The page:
Sharpening Soft Skills With Situational Learning

Developing soft skills requires the most authentic context possible.

Getting along well with others and having good interpersonal skills requires a high level of emotional intelligence.

Soft skills such as good communication abilities, dealing with interpersonal conflict, and self-promotion skills do not come naturally to everyone, but they are vital in the workplace. Indeed, some 77 percent of HR professionals believe soft skills to be as important as hard skills, according to a 2014 Career Builder Survey.


There’s a subtle irony in learning hard skills vs. soft skills. Hard skills are relatively easy to learn, while soft skills are often hard to learn.

Hard skills are specific, teachable abilities that include technical proficiencies and are easily defined and measurable. You usually obtain a degree or diploma when you have these skills, such as software programmer, mathematician, accountant, tool-and-die maker, forklift driver, etc.

When interviewing a job candidate, you know a person has hard skills by his or her degrees, professional designations or licenses, and reputation using these skills.

Soft skills, on the other hand, are less tangible and harder to quantify. There is no degree or diploma for soft skills. They’re mostly learned through life experience on the job, such as active listening, interpersonal skills, knowing how to recognize people, and demonstrating caring concern.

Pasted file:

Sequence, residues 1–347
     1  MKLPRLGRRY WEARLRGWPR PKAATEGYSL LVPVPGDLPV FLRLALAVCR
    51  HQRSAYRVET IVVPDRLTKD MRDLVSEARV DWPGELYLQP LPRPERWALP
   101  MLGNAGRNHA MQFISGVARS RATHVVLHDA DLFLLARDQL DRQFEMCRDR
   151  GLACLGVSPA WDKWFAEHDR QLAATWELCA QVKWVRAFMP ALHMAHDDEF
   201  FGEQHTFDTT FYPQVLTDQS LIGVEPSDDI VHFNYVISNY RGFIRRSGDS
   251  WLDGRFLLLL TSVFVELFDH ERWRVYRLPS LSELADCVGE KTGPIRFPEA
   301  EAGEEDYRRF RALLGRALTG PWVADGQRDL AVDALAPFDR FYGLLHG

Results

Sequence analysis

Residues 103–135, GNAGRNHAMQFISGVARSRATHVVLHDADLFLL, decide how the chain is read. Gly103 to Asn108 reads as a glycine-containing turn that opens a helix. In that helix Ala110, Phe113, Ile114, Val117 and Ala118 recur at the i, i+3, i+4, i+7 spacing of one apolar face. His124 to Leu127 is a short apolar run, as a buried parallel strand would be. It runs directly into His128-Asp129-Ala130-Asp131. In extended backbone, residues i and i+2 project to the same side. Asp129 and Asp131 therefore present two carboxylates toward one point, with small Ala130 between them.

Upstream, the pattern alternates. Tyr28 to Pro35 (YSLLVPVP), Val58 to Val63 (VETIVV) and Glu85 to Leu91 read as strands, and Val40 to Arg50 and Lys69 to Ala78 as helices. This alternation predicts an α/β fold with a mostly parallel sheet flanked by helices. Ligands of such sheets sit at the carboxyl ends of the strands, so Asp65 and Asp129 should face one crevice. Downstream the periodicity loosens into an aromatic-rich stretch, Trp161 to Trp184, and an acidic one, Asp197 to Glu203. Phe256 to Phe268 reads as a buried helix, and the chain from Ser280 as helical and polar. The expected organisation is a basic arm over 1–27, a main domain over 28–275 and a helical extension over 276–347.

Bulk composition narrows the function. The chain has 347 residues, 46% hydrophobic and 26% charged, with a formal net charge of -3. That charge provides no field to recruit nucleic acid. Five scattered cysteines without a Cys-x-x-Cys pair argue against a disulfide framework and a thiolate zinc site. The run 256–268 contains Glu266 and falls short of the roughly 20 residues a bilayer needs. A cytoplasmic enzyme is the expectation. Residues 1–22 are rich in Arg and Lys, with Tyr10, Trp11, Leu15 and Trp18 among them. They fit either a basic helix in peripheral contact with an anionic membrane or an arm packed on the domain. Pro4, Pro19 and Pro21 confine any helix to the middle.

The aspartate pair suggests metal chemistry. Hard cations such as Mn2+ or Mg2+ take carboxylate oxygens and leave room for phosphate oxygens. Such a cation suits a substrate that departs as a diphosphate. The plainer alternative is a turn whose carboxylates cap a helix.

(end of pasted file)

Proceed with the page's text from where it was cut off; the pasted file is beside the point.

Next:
Sometimes we expect people to be born problem solvers and leaders because of their technical skills. Hard skills are not a good litmus test for having the necessary soft skills.

The bottom line is soft skills are people skills, and whenever you’re dealing with people, nothing is straightforward or easy.


We often promote people based on technical competency only to find out they’re lacking people skills, which damages their careers due to reduced employee engagement and frequent employee misunderstandings. Learning soft skills on the job is not the best way when using employees as guinea pigs in real time. It would appear as a workplace reality TV show, with someone voted out of a job.

One way to get around the trial-and-error approach to learning soft skills is to create situational learning opportunities. Situational learning is an instructional approach, like learning a foreign language by immersion in the actual country. Learning participants are put into some form of contextual setting where they can authentically learn and put the soft skill into practice, and hopefully master it.

Contextual-based learning takes the learner from being a passive observer to becoming an active participant in a community where he or she can safely practice the desired skill. Situational learning puts soft skills to the test by actively using them in new situations that come by dealing with people in the workplace. Because situational learning brings in the social and people interaction, it mimics the relational context more authentically than classroom or online learning.


Learning soft skills through situational learning is like a “choose your own adventure” storybook. You decide how the story progresses through situational learning by developing yourself through a targeted soft skill as if you were on the job.